Saturday June 30 (and into the wee hours of Sunday July 1) saw the end of the fiscal year and with it came midnight and last minute (literally) deals in the Delaware General Assembly. Here were some of the biggest takeaways that will affect employment law:
House Bill 360, which had a substitution and a last minute amendment, has finally been passed. We wrote previously about this bill, which differs slightly, but significantly, from the original bill that was proposed. For a more in-depth analysis of this bill that will take effect January 1, 2019, please read our article here.
Minimum Wage Increase
In our article a few weeks back, we talked about how Washington, D.C. is phasing out their two-tiered minimum wage system. In that article, we discussed how back in March, Delaware voted to keep minimum wage, both regular and for tipped workers, where it is.
But in this last legislative push, a bill to increase the minimum wage from $8.25 to $9.25 over the next two years was passed. The minimum wage will have its first raise to $8.75 on January 1, 2019. Advocates for minimum wage workers were pleased with the outcome, but many who oppose the bill have warned that this could mean that they will have to hire fewer workers.
Furthermore, a deal was struck between Democrats and Republicans to keep a “training” wage and a “youth” wage for new and young workers. This shall be “not more than $0.50 less than the minimum wage rate.” And the tipped minimum wage ($2.23), which has not been raised in years, will still remain at its current rate.
In an effort to attract more workers to Delaware, the General Assembly passed a bill that gave full-time employees in Delaware school districts who have been working there for at least one year, as well as full-time employees working for the State for at least one year 12 weeks of paid leave “upon the birth of a child of the employee, or upon the adoption by the employee of a child who is 6 years of age or younger.”
Before, workers had to use their accumulated sick leave when they wanted to go on maternity or paternity leave. The move comes as Governor Carney is attempting to attract new workers to Delaware to replace a large portion of state workers who are approaching retirement.
Sections 3342 (Health Insurance Contracts) and 3556 (Group and Blanket Health Insurance) of Title 18, having to do with insurance in the State of Delaware, both received updates. The Delaware House passed Senate Bill Number 139 (SB139), by a margin of 29 yes’s and 2 no’s, on June 7, 2018. The bill will go into effect once Governor Carney signs it.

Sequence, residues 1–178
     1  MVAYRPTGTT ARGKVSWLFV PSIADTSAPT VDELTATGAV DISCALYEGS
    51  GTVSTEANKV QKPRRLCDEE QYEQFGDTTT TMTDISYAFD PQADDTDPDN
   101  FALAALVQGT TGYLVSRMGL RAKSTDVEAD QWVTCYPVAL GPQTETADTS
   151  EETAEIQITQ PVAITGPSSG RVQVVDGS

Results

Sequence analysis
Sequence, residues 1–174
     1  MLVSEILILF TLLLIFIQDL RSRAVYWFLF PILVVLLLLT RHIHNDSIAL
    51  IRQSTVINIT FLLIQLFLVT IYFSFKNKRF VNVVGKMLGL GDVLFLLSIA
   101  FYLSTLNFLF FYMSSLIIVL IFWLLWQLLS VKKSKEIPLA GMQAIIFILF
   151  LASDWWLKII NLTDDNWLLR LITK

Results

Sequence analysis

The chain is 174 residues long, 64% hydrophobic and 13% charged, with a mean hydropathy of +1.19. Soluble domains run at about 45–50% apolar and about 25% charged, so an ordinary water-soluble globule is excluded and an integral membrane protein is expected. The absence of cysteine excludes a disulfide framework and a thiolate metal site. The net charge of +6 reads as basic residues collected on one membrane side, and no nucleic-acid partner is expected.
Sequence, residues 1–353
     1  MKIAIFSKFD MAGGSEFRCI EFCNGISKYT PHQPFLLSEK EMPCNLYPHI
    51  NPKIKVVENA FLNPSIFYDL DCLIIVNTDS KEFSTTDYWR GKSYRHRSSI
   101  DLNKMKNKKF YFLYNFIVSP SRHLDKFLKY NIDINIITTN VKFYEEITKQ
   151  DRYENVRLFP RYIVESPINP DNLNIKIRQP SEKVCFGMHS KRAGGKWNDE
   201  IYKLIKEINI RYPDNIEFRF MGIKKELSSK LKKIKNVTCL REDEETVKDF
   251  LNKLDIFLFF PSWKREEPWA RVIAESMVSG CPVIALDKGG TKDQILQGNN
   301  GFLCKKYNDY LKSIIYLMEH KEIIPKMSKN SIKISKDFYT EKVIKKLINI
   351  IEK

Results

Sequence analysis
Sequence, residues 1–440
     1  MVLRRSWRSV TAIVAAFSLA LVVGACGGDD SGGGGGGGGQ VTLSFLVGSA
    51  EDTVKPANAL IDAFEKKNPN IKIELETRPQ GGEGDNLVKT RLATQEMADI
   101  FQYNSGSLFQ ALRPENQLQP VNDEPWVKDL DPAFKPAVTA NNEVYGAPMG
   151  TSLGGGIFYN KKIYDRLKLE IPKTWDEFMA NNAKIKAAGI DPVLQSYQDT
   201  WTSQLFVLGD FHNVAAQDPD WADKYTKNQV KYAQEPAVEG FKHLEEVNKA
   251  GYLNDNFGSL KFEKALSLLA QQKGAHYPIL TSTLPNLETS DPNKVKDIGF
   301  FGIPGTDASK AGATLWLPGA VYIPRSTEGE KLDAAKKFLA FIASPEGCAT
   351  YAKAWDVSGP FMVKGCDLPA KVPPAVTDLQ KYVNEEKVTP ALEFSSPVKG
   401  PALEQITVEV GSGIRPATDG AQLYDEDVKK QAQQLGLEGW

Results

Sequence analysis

This bill requires Delaware employers to cover fertility care services, including in vitro fertilization (“IVF”) procedures, as well as several other medically recognized methods of aiding women trying to conceive. Section 3556 includes a provision that, “Employers who self-insure or who have fewer than 50 employees are exempt from the requirements of this subsection.” But otherwise, the bill aims to provide financial support for families trying to have a child who are unable to do so without other measures. The bill states that fertility coverage must be extended to, “covered individuals, including covered spouses and covered non spouse dependents, to the same extent as other pregnancy-related benefits.”
The description of the bill states that 1 in 8 couples trying to conceive struggle with infertility, and 3 out of 4 of those couples never receive the help they need due to financial constraints. “1 IVF cycle can cost between $15,000 and $25,000 and, on average, it takes 2 to 3 cycles to achieve pregnancy,” the description says. This bill, too, should attract younger workers to Delaware.
A bill to legalize recreational marijuana lost by four votes on June 27. Senators Helene Keely and Margaret Rose Henry– who have been some of the biggest supporters of this measure and who also introduced Delaware’s medical marijuana laws and decriminalization of marijuana laws– will be retiring at the end of this session. The future of recreational marijuana is uncertain, but remains unchanged for now.
House Bill 409 passed on June 26 with 34 Yes votes, 3 No votes, and 3 voters absent. It will take effect 180 days after its enactment into law. HB409 will amend Part I, Chapter 19. This Act seeks to have employers give advanced warning of “at least 60 days” to the Department of Labor Division of Employment and Training before they conduct “mass layoffs, plant closings, or relocations.” They hope that by doing this, DOL will be better prepared to assist large quantities of workers with training, benefits, and other services in order to help them return quickly to the work force. This Act works with and goes beyond the federal Worker Adjustment and Retraining Notification Act (“WARN Act”).
There were two amendments to HB409, the first was struck, the second passed. The second amendment changes the definition of an Employer from 50 or more to 100 or more employees. The amendment changes definition of Mass layoff to have updated triggers for notice. The amendment permits notices of layoff to be hand delivered. Finally, the amendment clarifies that construction and related employers “are included in the exceptions to compliance with the notice requirements.” The difference between the two amendments was changing “removes triggers” to “changes triggers.”